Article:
Omicron Absenteeism Poses Fresh Test to U.S. Economic Strength

Omicron absenteeism poses fresh test to U.S. economic strength

Several economists began the new year by downgrading their first-quarter forecasts

At West Coast ports, already facing logjams of imports, 160 longshoremen tested positive on Wednesday alone, said James McKenna, president of the Pacific Maritime Association, which negotiates labor agreements for 70 companies at 29 ports on the coast.

That number understates the disruption. Hundreds more dock workers are staying home due to contact tracing, or awaiting tests, McKenna said.The backlogs of ships off the ports of Los Angeles and Long Beach, the nation’s busiest, are growing again, McKenna said. “This new variant is so transmittable that it has changed the game,” he said.

Read More: New York Port Hustles to Cut Rare Logjam Amid Covid Labor WoesIn the auto sector, union officials and company representatives said the increase in sick days hasn’t affected production at General Motors Co., Ford Motor Co. and Stellantis NV, owner of the Jeep and Ram brands.

It may just be a matter time. In a call with reporters on Friday, Scott Keogh, chief executive officer of Volkswagen AG’s U.S. unit, said he was“100%” certainthat the industry was about to face production disruptions due to omicron. “There is no flexible new normal” for assembling a car.


While economists and investors expect the impact to be short-lived, its magnitude may be sizable. Mark Zandi, chief economist for Moody’s Analytics, cut his first-quarter prediction for annualized gross domestic production to close to 2%, down from about 5%. But he also raised his forecast for the second quarter, saying businesses and the economy are better prepared to face this new wave.

“I don’t expect the virus to sustainably subtract from economic growth on net this year,” Zandi said. Though omicron could, he said, affect how the Federal Reserve views the recovery and when it acts to.Restaurants StruggleThe variant is another blow to industries like hospitality that were struggling to come back to pre-pandemic employment levels, said Jerry Nickelsburg, faculty director of UCLA Anderson Forecast. That in turn will have a longer effect on growth because “those sectors will not recover as fast as we previously thought”.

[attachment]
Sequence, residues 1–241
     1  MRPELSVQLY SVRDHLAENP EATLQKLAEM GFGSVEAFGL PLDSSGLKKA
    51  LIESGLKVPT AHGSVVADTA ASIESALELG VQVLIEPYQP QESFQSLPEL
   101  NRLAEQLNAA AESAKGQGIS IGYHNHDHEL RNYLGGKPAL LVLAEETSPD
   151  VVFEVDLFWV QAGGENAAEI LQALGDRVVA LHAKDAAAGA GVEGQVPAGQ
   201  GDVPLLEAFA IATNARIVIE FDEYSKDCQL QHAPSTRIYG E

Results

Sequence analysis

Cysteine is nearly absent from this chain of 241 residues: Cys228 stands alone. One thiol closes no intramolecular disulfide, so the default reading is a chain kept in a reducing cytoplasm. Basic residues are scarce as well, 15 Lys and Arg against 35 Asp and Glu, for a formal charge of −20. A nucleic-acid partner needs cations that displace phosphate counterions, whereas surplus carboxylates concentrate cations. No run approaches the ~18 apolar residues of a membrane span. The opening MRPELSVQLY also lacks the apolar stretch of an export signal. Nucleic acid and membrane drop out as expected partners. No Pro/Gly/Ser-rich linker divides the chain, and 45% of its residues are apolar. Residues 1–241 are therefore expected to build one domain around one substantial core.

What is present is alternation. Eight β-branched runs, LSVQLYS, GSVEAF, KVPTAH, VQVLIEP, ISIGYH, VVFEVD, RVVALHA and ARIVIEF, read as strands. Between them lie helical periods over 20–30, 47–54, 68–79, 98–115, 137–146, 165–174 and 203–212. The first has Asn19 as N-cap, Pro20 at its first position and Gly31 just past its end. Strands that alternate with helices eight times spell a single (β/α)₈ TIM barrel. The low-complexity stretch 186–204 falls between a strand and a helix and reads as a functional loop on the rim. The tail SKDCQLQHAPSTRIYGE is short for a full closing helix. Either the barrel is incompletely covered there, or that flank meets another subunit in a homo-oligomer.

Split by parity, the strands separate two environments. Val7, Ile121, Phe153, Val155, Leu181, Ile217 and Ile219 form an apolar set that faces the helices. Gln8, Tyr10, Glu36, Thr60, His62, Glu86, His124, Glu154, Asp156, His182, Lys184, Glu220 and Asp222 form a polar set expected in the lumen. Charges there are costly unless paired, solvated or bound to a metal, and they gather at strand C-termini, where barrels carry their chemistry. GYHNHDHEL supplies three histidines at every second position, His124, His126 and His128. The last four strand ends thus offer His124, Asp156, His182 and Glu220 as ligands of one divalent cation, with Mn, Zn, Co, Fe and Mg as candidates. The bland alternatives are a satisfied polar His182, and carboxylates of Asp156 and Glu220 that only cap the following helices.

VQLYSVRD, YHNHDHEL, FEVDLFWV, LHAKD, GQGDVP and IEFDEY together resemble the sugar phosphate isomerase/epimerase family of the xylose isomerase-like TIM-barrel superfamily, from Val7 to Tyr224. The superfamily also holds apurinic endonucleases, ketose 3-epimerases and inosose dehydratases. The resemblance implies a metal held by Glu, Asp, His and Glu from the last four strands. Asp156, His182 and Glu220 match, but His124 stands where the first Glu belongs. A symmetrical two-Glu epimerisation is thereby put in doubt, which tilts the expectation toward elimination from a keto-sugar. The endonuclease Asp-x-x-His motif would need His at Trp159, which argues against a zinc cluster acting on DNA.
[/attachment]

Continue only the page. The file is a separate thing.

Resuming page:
Marshall Weston, president and chief executive officer of the Restaurant Association of Maryland, said he had spent the week fielding calls from members who were closing their doors for good.“The recovery for restaurants appears to be going in reverse rather than moving forward,” Weston said.


At Ledo Pizza in the D.C. area, CEO Beall is determined to keep a company his grandfather started in 1955 alive. He employs 1,300 fewer people than before Covid-19 and has adapted by using more automated online systems to field takeout orders and by simplifying the menu to ease the burden of kitchen staff.

He’s also dealing with staff shortages at suppliers that have only gotten worse with omicron. That means getting smaller amounts of ingredients like mozzarella sticks and waiting longer to get them.“We’ve seen a lot of in 66 years,” Beall said. “But this is definitely different.”

–With assistance from Joe Deaux, Leslie Patton, Gabrielle Coppola, Deena Shanker, Carey Goldberg, Justin Bachman, John Tozzi, David Welch, Keith Naughton, and Augusta Saraiva.


Source| Omicron Absenteeism Poses Fresh Test to U.S. Economic Strength

Last Updated on January 17, 2022 by shalw

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